Review & Install Video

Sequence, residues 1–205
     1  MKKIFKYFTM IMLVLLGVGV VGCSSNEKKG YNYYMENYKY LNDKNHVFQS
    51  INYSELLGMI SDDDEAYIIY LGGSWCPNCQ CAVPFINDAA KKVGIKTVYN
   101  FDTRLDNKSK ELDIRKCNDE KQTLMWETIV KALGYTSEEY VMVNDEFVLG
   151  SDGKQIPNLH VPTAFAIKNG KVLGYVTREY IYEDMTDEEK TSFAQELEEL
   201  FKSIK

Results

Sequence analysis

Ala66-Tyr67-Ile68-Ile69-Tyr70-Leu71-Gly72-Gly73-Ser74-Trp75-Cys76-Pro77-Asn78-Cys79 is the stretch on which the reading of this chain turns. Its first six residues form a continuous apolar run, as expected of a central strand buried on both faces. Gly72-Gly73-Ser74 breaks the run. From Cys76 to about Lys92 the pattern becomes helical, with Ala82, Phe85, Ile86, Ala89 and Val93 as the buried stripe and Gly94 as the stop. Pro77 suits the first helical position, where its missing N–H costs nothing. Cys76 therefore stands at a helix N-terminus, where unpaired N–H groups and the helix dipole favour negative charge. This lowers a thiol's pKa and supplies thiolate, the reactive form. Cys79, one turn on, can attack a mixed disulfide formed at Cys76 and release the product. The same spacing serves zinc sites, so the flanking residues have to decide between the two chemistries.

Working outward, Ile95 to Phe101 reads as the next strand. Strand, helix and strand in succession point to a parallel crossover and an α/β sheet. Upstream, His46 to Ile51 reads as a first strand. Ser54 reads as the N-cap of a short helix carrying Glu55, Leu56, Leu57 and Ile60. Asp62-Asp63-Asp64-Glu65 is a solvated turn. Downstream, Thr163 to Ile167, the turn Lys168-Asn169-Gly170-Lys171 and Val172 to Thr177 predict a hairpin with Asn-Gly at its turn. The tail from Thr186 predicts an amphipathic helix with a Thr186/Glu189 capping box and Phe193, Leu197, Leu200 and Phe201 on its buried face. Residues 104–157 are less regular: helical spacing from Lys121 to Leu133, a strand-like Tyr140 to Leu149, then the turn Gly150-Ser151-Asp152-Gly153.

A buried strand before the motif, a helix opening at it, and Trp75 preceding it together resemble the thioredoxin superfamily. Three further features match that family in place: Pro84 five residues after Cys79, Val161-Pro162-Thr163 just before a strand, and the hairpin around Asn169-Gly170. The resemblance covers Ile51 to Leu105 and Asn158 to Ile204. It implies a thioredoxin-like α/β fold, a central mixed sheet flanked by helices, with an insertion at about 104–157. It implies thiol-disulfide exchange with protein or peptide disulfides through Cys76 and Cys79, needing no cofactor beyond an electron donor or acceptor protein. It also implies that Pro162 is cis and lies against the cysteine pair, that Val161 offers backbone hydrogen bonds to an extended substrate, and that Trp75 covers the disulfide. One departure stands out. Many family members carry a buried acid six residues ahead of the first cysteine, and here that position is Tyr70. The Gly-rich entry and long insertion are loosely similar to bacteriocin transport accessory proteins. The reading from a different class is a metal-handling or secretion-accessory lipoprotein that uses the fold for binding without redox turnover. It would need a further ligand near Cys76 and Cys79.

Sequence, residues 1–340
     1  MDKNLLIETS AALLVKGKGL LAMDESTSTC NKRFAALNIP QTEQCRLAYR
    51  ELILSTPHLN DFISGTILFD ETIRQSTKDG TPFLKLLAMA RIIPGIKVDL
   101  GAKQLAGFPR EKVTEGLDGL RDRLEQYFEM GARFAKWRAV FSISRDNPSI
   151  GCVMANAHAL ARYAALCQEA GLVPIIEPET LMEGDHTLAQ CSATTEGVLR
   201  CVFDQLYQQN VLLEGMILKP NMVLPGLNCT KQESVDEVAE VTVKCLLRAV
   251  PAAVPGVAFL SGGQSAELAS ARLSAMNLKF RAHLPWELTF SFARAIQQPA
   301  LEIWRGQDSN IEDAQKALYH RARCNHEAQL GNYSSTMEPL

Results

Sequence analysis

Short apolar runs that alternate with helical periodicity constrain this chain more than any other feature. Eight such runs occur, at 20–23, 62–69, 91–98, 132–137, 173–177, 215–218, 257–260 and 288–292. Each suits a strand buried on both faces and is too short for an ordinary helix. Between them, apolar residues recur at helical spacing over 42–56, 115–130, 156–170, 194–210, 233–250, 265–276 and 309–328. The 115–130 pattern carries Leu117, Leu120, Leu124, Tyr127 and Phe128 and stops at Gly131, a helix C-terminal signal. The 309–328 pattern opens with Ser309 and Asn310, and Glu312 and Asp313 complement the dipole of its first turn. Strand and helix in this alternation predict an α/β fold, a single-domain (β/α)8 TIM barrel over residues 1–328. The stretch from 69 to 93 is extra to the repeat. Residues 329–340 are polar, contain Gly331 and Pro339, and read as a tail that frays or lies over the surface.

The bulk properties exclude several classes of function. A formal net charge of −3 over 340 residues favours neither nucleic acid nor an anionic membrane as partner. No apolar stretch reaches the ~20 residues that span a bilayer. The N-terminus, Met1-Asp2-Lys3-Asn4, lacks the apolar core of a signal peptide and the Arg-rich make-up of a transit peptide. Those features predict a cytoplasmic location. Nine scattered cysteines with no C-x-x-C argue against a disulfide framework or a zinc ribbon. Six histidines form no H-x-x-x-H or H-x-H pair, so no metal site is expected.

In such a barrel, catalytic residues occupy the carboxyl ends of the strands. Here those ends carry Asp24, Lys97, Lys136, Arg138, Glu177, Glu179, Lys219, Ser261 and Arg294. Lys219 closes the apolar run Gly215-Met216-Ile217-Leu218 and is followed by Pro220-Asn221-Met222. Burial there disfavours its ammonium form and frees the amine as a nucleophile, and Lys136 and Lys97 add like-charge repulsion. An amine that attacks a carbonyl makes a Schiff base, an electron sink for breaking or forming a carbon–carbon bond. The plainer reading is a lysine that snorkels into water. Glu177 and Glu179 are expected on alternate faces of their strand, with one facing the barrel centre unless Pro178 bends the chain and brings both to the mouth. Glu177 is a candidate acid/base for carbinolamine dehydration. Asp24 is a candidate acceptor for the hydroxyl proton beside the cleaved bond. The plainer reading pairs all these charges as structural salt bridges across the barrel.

This Crown Automotive Heavy-Duty Steering Kit is gonna be for those of you that have a 1997 to 2006 TJ, and are looking for an upgraded and stronger steering set-up, however, you don't have the budget or the need for one of those much bigger, much beefier, and also much more expensive systems that are available. In my opinion, this is gonna be for those of you that do some light-wheeling, maybe you don't have huge tires, maybe something like a 31 on your TJ, but manage to damage your steering set-up so you want a little bit of an upgrade, you want something that's gonna replace everything, the tie rod, the drag link, and of course your steering stabilizer itself, but you wanna do it on a little bit more of a budget. If you are going to be running a 35, a 37-inch tire on your TJ, you're probably going to wanna go with one of those more expensive, even stronger systems, however, this is still going to be a pretty good upgrade over your factory steering set-up. This kit is built from one-inch solid steel rods. It is going to have greasable tie rod ends all the way around, however as I said before, these aren't going to be huge tire rod ends like on some of the other steering kits that you can get. This isn't going to be a completely oversized drag link and tie rod like on some of those more expensive kits that you can purchase. One of the nice features is that if you bent your tie rod, if you bent your drag link, there's a chance that you also bent your steering stabilizer, so this kit does come with one, and it's gonna be a pretty traditional 50-50 valve shock. It's going to work just fine regardless of your tire size and how you use your Jeep. Now, one of the nice things about this steering set-up is that, like a lot of the other ones, it is going to retain that inverted Y steering set-up, which is going to be, in my opinion, the best option for your TJ. There are some people that wanna change to more of a cross-over set-up, however the inverted Y does really work well for your TJ. So overall, this is going to be a very easy install. It's gonna be very easy to adjust. As you can see, it has two adjusters built right into it, so you're going to be able to make your length adjustment for tow and the center of your steering wheel very, very easily with this set-up. As far as the install goes on this, I am gonna give it a one out of three wrenches. All you're going to have to do is remove your factory set-up from the Jeep, and go ahead and bolt this right in place. Now, anytime you're removing a tie rod end that is going to be a taper-fit, so you're going to wanna remove the cotter pin, remove the castle nut, and then strike the steering knuckle perpendicular to that factory tie rod. And that is how you're gonna pop that tie rod end out of it's taper-fit home. If you try and smash directly down on top of the tie rod end, there's a chance that all you're gonna do is mushroom that end, making it much more difficult to get it out of the steering knuckle. So again, have a big hammer on hand, strike perpendicular to the tie rod end. That's gonna be the best way to get everything apart. Now up at the pivot arm, when you're removing the drag link, I would recommend using a pivot arm puller. If you hit that in any way, you can damage your steering box, and you certainly don't wanna have to get into replacing that. So pivot arm puller is going to be something that I would recommend as far as tools for this job. It is gonna to make it a lot easier and a lot safer to do. So, once you remove those components off of your jeep, you can go ahead and take some measurements from the center the tie rod ends and adjust this set-up so that it's going to be similar. That is going to give you the best chance of putting everything together and not having to change your tow or re-center your steering wheel. Once you've made your length adjustments, you can go ahead and tighten down your adjusters, put everything into their location, tighten everything down. You are going to wanna use an impact on these tie rod ends. If you try doing it with just a socket driver, chances are you're just going to spin the tie rod end and the ball inside of the housing here. So, use an impact, make sure you get them nice and tight, torqued down, make sure you use the castle nuts that come with them, and make sure you reinstall those cotter pins to ensure that the nuts aren't going to back out and nothing's gonna loosen up. Now after that, I would check your tow, check your steering wheel center. If you're not comfortable doing that, you can always take your Jeep to an alignment shop and have then check that out, but it is something that's pretty easy to do in your driveway if you wanna save yourself a little bit of money and you have the time to do it. The final step in the installation is going to be bolting on your steering stabilizer. That again, very simple process bolted in place of that factory steering stabilizer. One end goes on the axle, the other end goes on your drag link, just bolt it up using the included hardware. This whole set-up and including the steering stabilizer is gonna come in at right around $230, and I do think that's a good price for something that is going to be a bit of an upgrade over your factory system. Does include all of these components and all of this hardware. However, it is gonna be less expensive than the others for a reason. It's not gonna be quite as beefy, quite as strong as some of those more expensive upgrades. So, as I said in the beginning, I think if you're running a 31-inch tire, you bent something, you don't plan on putting yourself in a situation where you're gonna bend something again, then this is gonna be a good kit, a little bit of an upgrade from factory, but a fairly inexpensive upgrade. If you are hitting the rocks every weekend with 35s, I would recommend spending a little bit more money and going with one of those beefier kits. So, if you're looking for an affordably priced steering upgrade kit for your TJ, I definitely recommend looking at this one from Crown Automotive that you can find right here at extremeterrain.com.